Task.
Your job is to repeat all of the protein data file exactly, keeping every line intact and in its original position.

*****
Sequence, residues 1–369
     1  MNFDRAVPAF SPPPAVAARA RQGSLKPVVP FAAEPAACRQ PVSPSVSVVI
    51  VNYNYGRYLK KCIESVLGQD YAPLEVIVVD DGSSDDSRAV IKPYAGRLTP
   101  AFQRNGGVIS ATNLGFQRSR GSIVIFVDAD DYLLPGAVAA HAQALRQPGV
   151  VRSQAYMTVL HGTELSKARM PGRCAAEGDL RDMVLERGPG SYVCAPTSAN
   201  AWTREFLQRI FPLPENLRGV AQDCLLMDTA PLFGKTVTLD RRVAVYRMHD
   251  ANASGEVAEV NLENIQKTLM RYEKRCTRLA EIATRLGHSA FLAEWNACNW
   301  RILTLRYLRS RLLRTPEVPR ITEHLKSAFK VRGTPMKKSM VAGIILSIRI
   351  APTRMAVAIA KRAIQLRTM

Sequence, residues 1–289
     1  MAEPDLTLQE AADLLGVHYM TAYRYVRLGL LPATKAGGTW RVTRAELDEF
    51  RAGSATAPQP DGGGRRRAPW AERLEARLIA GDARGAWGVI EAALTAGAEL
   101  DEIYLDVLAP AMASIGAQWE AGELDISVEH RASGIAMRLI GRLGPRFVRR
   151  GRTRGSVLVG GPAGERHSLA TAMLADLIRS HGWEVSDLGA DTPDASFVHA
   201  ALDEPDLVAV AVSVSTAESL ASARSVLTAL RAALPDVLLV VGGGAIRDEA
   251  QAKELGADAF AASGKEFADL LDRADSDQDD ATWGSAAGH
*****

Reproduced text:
Sequence, residues 1–369
     1  MNFDRAVPAF SPPPAVAARA RQGSLKPVVP FAAEPAACRQ PVSPSVSVVI
    51  VNYNYGRYLK KCIESVLGQD YAPLEVIVVD DGSSDDSRAV IKPYAGRLTP
   101  AFQRNGGVIS ATNLGFQRSR GSIVIFVDAD DYLLPGAVAA HAQALRQPGV
   151  VRSQAYMTVL HGTELSKARM PGRCAAEGDL RDMVLERGPG SYVCAPTSAN
   201  AWTREFLQRI FPLPENLRGV AQDCLLMDTA PLFGKTVTLD RRVAVYRMHD
   251  ANASGEVAEV NLENIQKTLM RYEKRCTRLA EIATRLGHSA FLAEWNACNW
   301  RILTLRYLRS RLLRTPEVPR ITEHLKSAFK VRGTPMKKSM VAGIILSIRI
   351  APTRMAVAIA KRAIQLRTM

Sequence, residues 1–289
     1  MAEPDLTLQE AADLLGVHYM TAYRYVRLGL LPATKAGGTW RVTRAELDEF
    51  RAGSATAPQP DGGGRRRAPW AERLEARLIA GDARGAWGVI EAALTAGAEL
   101  DEIYLDVLAP AMASIGAQWE AGELDISVEH RASGIAMRLI GRLGPRFVRR
   151  GRTRGSVLVG GPAGERHSLA TAMLADLIRS HGWEVSDLGA DTPDASFVHA
   201  ALDEPDLVAV AVSVSTAESL ASARSVLTAL RAALPDVLLV VGGGAIRDEA
   251  QAKELGADAF AASGKEFADL LDRADSDQDD ATWGSAAGH